Looking back, however, it’s somewhat difficult to fathom how three skaters from such divergent backgrounds wound up on the ice together in a place like Cambridge.
For starters, Moy never played for a school prior to Harvard. He grew up in San Diego, a place where ice wasn’t exactly the city’s most accessible commodity. To some degree, Esposito can relate. Living in South Carolina until he was 10, the forward stuck to roller skates until leaving the Palmetto state.
Later on, once he had established himself as an ice skater, Esposito was just about ready to commit to Princeton. He hadn’t heard much from Harvard, but before making a final decision, he decided to call Coach Donato on a whim. Sure enough, Donato answered the bell. The coach flew out to watch Esposito play, determined he’d be a fit, and the rest is history.
Meanwhile, as a native of a hockey city in Buffalo, N.Y., Malone had a much more straightforward path to collegiate hockey. And in 2013, another potential path emerged for the senior—one to professional hockey. Because Malone’s hometown Sabres selected him in the NHL Draft.
After bouncing around from team to team, program to program, and then playing two seasons with Harvard, Moy joined Malone’s company in 2015 when the Nashville Predators spent a sixth-round pick on the budding forward.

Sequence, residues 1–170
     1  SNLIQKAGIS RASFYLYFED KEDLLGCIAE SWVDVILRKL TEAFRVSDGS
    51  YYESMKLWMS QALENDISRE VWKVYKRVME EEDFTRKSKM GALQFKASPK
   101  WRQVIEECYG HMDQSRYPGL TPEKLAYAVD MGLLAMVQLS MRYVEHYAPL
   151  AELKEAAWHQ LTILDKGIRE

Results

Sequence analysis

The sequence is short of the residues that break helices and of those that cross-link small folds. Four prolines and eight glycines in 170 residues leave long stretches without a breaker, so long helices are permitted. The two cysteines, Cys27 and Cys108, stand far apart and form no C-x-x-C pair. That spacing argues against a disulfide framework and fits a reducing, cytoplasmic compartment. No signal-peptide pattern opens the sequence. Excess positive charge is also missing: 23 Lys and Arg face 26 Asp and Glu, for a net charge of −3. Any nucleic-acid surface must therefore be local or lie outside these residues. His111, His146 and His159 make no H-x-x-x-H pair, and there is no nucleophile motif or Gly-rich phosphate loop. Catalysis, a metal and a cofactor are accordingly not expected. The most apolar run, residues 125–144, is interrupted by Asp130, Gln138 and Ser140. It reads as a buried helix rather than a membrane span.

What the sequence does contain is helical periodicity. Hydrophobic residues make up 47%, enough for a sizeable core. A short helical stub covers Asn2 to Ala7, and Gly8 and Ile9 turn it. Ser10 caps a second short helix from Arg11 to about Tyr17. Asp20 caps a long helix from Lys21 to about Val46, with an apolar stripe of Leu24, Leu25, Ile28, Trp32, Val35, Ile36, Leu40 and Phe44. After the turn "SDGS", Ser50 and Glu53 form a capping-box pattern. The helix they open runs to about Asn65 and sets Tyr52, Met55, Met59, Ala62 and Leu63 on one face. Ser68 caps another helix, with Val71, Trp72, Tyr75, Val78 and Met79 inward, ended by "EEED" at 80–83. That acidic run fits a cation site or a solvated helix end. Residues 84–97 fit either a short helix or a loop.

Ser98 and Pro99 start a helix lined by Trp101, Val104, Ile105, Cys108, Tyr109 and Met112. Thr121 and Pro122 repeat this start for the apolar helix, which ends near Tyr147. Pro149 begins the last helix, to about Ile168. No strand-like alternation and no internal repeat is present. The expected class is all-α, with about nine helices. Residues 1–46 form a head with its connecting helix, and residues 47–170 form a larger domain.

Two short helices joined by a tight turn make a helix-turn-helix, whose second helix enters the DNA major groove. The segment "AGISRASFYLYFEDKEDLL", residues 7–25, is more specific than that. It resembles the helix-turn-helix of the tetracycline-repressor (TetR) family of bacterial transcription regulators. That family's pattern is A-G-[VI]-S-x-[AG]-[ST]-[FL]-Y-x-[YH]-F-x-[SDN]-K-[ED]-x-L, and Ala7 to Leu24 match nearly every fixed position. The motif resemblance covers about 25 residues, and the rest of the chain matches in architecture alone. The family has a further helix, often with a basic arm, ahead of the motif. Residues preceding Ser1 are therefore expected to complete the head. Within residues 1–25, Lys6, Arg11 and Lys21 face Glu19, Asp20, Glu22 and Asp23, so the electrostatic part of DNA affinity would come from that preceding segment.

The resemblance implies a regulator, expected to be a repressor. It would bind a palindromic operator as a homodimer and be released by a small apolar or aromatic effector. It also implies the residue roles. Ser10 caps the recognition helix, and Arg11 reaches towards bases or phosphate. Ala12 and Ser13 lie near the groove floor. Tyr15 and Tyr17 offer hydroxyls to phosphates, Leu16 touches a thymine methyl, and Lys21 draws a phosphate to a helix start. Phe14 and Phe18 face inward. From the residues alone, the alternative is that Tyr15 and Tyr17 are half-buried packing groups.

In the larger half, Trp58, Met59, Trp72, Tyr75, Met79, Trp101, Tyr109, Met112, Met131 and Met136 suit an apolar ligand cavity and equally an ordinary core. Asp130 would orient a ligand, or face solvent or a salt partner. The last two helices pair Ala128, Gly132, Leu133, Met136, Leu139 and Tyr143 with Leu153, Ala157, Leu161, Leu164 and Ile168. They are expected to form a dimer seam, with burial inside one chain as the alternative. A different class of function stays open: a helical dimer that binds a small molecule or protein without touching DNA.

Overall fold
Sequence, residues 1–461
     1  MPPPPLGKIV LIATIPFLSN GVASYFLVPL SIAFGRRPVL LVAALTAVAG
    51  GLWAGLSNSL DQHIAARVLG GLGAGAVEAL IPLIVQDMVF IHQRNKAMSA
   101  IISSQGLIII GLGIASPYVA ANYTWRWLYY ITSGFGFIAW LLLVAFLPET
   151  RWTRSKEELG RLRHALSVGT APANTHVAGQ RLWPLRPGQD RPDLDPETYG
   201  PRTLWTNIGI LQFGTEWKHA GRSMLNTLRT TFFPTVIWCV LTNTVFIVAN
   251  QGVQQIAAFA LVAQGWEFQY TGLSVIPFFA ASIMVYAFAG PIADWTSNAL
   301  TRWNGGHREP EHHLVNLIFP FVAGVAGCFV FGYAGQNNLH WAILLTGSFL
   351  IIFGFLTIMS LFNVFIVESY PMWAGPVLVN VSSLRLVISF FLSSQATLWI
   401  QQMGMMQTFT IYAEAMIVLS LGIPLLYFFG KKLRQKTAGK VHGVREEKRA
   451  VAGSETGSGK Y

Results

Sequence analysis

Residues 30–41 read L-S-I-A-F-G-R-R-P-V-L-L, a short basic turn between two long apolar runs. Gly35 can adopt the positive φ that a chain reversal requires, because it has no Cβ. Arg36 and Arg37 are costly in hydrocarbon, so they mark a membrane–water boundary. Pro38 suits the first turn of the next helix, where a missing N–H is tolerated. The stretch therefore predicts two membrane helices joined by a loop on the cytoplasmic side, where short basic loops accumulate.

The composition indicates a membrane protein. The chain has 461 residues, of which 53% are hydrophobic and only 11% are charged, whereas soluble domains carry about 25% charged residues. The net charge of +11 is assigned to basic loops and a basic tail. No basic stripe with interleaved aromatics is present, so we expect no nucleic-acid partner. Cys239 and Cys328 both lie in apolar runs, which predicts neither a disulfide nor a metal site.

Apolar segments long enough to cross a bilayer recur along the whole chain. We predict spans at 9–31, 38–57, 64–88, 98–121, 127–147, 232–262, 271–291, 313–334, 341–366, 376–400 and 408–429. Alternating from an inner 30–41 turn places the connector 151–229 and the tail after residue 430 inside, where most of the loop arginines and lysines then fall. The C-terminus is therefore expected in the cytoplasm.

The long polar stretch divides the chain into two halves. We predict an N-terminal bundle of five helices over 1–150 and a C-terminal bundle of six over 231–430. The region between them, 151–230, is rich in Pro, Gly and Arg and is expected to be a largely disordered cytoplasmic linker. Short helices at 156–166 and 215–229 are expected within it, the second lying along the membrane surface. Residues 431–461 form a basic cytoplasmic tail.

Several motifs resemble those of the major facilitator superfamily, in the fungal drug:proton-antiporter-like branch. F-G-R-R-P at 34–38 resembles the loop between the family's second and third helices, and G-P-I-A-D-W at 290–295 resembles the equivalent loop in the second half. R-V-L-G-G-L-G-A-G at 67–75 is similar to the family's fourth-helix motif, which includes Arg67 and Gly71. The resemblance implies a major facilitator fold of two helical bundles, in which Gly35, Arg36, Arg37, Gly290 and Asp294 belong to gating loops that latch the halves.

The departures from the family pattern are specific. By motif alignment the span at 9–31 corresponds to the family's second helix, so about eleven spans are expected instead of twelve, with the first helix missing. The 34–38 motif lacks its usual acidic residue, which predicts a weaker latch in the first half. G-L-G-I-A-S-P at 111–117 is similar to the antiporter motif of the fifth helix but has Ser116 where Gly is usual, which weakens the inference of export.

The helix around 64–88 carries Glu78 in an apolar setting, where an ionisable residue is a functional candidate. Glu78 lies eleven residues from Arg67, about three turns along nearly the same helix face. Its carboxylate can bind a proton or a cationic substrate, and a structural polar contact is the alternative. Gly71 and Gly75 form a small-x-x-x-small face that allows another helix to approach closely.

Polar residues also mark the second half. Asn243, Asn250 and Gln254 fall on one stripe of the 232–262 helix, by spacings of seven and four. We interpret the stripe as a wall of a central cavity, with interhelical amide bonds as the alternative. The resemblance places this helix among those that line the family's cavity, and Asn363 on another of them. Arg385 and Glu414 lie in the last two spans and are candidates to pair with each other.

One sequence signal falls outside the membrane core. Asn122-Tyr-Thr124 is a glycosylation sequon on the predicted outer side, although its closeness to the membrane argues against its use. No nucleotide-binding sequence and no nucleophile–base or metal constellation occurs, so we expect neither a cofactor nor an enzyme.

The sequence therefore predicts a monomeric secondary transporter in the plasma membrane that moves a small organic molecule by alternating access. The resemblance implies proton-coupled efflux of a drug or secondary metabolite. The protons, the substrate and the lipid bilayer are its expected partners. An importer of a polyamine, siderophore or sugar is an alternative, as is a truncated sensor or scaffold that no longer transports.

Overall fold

Of course, that leaves Esposito.
“Getting drafted for a lot of guys, myself included, was a dream,” said Esposito, who acknowledged that his progression was a little slower than for other guys. “You always envision yourself going first round with the jersey and everything.”
“There certainly is a chip on your shoulder when you’re playing other guys who are drafted, and you believe you can prove yourself over them,” he added. “But I’ve never taken it personally. Obviously you just want to look forward and look to prove yourself.”
“Guys, do you want to just go away in the night, or do you want to actually do something with the season?"
Esposito isn’t the only member of the Crimson who’s played with a chip on his shoulder. Just about every member of Harvard’s senior class has played with something to prove this year. And now that they’ve arrived on college hockey’s grandest stage, it appears they’ve made their point.
“People thought this would be a little bit of a down year, and we wanted to prevent that,” Tringale said. “A bunch of guys stepped up and allowed for that to happen.”
Now, just three seasons removed from the current seniors’ 10-win campaign, Harvard stands two wins away from hitting 30 victories—and of course, bringing home a national championship.
“There’s definitely a big sense of pride in our senior class, especially to be part of this transformation,” Tringale said. “To bring Harvard Hockey back to where it was back in the late ’80s and early ’90s, it’s a special feeling and something that we’re very proud of.”
“These guys are my brothers for life,” Moy said. “To have this kind of experience is something we’ve dreamed about for a long time now, and I think to have that manifest itself into a national championship would be one of the greatest experiences of our lives.”
—Staff writer Jake Meagher can be reached at jake.meagher @thecrimson.com. Follow him on Twitter @MeagherTHC.
Want to keep up with breaking news? Subscribe to our email newsletter.